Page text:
Synonyms: Lovesick Dead, The Beautiful Youth of the Intersections, Yotsutsuji no Bishounen, The Anxious Woman, Nayamu Onna, Shadows, Kage, Screams in the Night, Zekkyou no Yoru, The Horror World of Junji
Some of Ito's works are bundled together and released as compilation volumes. I thought this would be one such volume, but it turns out that each chapter is linked. It's a bummer, really, that this wasn't titled something different as a standalone work. Works of his like Gyo, Uzumaki, Black Paradox, and Remina are relatively well known but it seemed this one was somewhat hidden under his vast 'bookography,' for lack of a better term.
This is a sin, really, because this particular volume has just as much wit as his other works do. I'll be the first to admit that I did find certain aspects
to be quite elementary, such as the introduction of characters that were limited to one chapter only, since maybe a mention of their name or somehow connecting them to previous sections would have been useful, or perhaps how the latter half of the volume seems to forsake the 'laws' dictated for the horror to take place. Or maybe it's the fact that, like most of Ito's volumes, they seem to start out comfortable and small-scale and go far beyond their precedented expectations. I suppose that comes down to discussion about all of Ito's works and not so much this one at hand, but in brief, the ending isn't exactly a surprise, nor is it a scare.
I think the beginning shows an intense horror that has laws that are against the player. That's good horror, since we can see how the protagonist struggles against it, but that never really happens. Our protagonist merely does the same thing over and over and we only see him actively 'combatting' the evil once or twice. The problem isn't that he does this, the problem is that he keeps doing it despite bearing no fruit. It's kind of boring, actually.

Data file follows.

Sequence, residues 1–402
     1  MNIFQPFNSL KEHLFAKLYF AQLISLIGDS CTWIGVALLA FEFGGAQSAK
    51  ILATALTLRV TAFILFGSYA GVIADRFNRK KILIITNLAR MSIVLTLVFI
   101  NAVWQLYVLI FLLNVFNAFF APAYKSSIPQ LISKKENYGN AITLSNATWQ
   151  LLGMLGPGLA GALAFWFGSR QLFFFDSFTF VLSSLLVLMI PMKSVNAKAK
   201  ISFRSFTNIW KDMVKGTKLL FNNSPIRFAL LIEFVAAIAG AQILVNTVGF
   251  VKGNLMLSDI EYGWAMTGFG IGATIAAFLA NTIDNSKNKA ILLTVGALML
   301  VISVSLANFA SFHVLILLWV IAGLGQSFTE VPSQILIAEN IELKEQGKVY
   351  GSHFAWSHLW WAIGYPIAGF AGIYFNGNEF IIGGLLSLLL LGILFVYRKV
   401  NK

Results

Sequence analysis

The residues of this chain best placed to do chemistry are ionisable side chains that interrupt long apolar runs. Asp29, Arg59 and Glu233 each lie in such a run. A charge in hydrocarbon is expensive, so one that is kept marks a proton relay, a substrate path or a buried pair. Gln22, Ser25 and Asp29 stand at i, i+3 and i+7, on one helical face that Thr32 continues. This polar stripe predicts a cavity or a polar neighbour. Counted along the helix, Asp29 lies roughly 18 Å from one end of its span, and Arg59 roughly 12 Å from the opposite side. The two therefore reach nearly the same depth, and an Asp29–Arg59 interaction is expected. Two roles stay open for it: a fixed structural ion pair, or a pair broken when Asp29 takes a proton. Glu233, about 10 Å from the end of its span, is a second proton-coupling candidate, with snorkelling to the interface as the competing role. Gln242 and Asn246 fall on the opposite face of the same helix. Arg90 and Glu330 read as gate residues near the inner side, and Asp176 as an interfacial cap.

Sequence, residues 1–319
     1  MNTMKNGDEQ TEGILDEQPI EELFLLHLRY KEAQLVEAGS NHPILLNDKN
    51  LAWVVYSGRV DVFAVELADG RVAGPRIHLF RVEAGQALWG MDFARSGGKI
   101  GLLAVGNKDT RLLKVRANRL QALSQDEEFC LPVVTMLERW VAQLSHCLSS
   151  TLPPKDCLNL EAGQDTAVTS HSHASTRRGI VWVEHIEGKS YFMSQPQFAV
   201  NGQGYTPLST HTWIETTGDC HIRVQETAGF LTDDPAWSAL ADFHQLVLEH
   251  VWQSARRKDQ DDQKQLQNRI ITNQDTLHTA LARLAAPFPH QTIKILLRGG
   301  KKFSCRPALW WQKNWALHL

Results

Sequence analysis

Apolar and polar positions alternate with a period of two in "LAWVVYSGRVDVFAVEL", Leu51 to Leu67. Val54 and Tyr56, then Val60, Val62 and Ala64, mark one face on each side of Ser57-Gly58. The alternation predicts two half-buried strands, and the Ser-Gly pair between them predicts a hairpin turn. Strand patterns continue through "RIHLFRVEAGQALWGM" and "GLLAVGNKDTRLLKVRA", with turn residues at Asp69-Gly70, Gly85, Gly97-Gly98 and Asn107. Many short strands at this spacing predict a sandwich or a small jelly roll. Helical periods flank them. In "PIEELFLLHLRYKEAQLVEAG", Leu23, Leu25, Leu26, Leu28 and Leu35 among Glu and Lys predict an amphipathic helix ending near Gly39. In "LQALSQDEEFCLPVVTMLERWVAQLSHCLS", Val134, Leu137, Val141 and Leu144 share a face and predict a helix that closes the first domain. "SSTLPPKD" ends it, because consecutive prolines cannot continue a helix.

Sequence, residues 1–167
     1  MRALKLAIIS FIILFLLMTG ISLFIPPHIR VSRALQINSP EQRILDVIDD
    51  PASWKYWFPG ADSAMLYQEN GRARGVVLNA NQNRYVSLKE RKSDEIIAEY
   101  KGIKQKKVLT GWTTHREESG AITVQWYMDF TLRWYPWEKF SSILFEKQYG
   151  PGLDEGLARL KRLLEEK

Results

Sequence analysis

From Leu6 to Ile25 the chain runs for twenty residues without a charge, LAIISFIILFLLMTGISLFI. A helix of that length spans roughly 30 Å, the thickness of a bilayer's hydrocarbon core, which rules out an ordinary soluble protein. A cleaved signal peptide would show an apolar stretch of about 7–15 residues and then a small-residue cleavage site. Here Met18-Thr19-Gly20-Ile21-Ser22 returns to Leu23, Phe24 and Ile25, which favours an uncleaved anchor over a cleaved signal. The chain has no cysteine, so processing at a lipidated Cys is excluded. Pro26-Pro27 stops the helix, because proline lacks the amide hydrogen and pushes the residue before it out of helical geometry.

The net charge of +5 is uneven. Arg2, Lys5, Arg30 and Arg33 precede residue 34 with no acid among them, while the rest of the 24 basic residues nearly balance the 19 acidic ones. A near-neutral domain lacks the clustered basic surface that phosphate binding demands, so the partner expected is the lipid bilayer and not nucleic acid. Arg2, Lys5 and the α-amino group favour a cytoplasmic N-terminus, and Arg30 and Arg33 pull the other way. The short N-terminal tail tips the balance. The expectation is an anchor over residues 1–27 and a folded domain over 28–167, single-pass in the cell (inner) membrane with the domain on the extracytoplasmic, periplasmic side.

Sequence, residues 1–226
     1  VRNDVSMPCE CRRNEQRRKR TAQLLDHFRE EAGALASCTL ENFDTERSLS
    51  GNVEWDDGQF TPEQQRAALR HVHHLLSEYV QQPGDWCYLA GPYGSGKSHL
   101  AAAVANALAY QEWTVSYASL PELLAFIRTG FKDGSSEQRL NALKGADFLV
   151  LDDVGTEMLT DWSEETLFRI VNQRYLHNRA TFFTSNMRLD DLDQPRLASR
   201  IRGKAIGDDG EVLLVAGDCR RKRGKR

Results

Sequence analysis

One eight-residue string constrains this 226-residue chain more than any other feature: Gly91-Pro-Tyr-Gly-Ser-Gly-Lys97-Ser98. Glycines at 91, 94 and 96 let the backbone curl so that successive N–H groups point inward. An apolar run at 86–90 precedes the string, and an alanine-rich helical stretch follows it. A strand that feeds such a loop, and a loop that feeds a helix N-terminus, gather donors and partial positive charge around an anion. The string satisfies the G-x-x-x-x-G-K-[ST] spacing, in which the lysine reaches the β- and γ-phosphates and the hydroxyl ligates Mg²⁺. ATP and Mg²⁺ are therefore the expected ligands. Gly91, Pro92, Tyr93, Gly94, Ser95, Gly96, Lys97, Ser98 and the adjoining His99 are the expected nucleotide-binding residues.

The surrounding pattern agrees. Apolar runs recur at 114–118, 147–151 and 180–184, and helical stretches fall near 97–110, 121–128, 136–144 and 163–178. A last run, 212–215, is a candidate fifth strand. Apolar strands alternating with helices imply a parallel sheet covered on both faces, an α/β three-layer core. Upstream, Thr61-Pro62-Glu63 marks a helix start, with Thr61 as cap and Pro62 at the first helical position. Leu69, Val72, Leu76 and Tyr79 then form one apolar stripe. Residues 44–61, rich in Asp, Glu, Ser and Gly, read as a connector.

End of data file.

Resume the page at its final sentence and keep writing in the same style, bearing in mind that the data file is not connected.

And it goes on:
Pretty decent and pretty spooky artwork. There were a few panels that definitely had be pretty terrified, and the graphic content was rather tame. Although it didn't need to be tame considering it was horror, it was respectful to the kind of narrative it was. It wasn't tasteless, is what I'm saying.
Ito has a knack for making everyone look the same in each of his works. Well, not in each work as itself, but across each work in his 'bookography,' to use that term again. I like his style so it's not all that bothersome, but if you put some characters side by side, the women look pretty similar (as do the men.) Again, I think I'm stepping more into the territory of reviewing the mangaka and not the work itself, but I still believe it needs saying.
Since a lot of the story is set in fog, the settings aren't all that detailed but I suppose that comes with the narrative.